The diagnosis of systemic sclerosis is made mainly based on the symptoms and examination of the patient. There is no single test that diagnoses this condition. Lab tests are used to eliminate other diseases that are similar, to assess how active scleroderma is and to determine if organs other than the skin are involved. The early signs are changes in the colour of the fingers and toes with changes of temperatures from hot to cold (Raynaud’s phenomenon) and ulcers on the fingertips. The skin of the finger tips and toes often hardens fast and becomes shiny. This can also occur in the skin over the nose. The hard skin then spreads and in severe cases may eventually affect the whole body. Swollen fingers and sore joints may occur early in the illness.
2.2.2 What is the treatment of systemic sclerosis in children?
During the course of the disease, patients may develop further skin changes, such as visible dilations of small vessels (telangiectasias), wasting of skin and subcutaneous tissue (atrophy) and subcutaneous deposits of calcium (calcifications). The internal organs may be affected and long-term prognosis depends on the type and severity of internal organ involvement. It is important that all the internal organs (lungs, gut, heart, etc.) are assessed for disease involvement and other types of tests of the function of each organ are performed.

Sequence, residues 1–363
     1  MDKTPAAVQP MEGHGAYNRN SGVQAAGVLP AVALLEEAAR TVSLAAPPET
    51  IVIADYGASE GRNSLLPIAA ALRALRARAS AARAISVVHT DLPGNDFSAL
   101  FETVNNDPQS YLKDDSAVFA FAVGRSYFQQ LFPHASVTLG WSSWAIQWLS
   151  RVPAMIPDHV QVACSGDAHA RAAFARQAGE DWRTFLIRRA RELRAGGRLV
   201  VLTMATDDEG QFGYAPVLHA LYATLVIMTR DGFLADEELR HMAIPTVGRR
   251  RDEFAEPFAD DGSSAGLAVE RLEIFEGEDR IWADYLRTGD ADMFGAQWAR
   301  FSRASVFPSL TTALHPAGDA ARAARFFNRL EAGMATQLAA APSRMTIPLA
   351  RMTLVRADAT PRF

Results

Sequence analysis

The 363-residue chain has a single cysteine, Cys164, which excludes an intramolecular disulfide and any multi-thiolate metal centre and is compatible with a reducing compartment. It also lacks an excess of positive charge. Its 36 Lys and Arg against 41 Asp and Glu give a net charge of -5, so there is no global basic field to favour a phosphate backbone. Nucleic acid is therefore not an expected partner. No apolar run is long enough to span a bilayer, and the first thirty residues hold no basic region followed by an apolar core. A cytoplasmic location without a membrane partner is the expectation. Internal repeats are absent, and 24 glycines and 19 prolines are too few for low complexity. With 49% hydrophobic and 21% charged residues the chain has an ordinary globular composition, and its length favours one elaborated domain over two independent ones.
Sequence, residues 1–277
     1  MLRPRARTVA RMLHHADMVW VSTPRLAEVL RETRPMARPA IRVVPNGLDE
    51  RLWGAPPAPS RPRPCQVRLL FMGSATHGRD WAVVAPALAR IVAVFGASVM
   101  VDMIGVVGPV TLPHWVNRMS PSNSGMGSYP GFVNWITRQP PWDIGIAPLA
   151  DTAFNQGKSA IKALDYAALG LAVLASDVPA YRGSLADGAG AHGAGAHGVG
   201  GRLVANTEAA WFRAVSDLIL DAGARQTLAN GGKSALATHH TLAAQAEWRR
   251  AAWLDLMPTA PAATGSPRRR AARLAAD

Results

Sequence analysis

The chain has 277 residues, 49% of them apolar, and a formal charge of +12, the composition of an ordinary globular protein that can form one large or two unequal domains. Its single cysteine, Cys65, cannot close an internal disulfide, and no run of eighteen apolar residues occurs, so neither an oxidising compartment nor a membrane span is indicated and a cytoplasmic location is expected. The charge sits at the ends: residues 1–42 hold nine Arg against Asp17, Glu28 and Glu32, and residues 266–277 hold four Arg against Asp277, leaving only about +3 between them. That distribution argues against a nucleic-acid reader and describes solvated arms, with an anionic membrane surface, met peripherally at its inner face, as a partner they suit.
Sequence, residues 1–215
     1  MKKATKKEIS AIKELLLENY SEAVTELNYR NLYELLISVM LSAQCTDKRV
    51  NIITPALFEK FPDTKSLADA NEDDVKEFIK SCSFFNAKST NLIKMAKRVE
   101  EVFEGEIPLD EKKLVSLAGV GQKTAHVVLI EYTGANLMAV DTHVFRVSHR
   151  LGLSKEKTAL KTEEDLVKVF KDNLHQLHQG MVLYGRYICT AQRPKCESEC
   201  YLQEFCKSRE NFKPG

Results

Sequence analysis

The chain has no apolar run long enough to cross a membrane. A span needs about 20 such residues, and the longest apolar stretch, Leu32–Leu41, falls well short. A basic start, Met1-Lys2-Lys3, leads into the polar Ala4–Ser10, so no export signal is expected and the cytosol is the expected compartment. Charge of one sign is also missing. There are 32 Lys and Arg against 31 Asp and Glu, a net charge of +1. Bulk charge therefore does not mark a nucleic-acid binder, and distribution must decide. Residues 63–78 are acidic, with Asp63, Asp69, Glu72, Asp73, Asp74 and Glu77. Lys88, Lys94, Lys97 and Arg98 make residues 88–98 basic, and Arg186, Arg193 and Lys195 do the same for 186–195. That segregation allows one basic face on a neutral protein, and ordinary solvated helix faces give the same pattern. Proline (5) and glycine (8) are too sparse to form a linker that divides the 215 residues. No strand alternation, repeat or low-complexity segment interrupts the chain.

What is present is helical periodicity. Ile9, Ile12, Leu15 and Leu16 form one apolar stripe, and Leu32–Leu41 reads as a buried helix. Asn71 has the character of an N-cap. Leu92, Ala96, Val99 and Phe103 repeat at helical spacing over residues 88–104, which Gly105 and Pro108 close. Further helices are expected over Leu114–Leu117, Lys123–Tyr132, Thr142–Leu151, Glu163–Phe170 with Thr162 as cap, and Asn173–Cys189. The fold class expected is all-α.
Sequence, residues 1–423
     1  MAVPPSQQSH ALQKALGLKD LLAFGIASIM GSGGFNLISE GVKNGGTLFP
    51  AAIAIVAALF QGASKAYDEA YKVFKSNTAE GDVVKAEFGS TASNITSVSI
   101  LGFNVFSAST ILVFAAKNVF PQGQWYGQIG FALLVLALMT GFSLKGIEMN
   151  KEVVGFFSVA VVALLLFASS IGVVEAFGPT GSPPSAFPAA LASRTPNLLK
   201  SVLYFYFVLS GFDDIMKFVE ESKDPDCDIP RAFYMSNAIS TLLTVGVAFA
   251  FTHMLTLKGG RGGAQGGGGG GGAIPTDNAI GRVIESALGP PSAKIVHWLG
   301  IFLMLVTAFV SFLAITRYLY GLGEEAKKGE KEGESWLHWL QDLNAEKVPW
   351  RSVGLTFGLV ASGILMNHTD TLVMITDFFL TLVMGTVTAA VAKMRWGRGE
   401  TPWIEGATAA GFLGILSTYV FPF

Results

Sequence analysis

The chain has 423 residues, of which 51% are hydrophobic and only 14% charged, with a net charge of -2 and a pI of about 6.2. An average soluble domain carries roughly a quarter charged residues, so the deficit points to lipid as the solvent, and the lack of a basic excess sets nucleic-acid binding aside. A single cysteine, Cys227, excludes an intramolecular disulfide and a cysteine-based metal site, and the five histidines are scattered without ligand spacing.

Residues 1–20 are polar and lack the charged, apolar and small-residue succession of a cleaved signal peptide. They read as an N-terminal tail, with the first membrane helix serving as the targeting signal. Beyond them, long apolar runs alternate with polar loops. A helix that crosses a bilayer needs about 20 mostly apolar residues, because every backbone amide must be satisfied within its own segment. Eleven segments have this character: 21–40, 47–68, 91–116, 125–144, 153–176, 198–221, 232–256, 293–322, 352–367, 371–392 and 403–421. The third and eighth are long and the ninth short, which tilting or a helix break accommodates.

The oesophagus (gullet) is involved in the majority of children, often quite early in the disease course. This may cause heartburn, due to stomach acid entering the oesophagus, and difficulty in swallowing certain types of food. Later, more of the intestinal tract may become affected with abdominal distension (bloating) and poor food digestion. Involvement of the lung is frequent and is a major determinant of the long-term prognosis. The involvement of other organs, such as the heart and the kidneys, is also very important for the prognosis. However, there is no specific blood test for scleroderma. The physician managing patients with systemic scleroderma will evaluate organ system function at regular intervals to see if the scleroderma has spread to the organs or if the involvement is worse or better.
2.2.3 What is the long-term evolution of systemic scleroderma?
The choice of the most suitable treatment is made by a paediatric rheumatologist with experience in scleroderma, in conjunction with other specialists looking after specific systems such as the heart and kidneys. Corticosteroids
are used as well as methotrexate
. In the event of lung or kidney involvement, cyclophosphamide
may be used. For Raynaud’s phenomenon, good care of circulation by keeping warm all the time is critical to prevent the skin from breaking down. Sometimes medication to dilate the blood vessels is needed. There is no therapy that has been shown to be clearly effective in all individuals with systemic sclerosis. The most effective treatment program for each individual needs to be determined by the use of medications that have been effective for others with systemic sclerosis to see if they work for that patient. Other treatments are currently under investigation and there is concrete hope that more effective therapies will be found in future. In very severe cases, autologous bone marrow transplantation may be considered.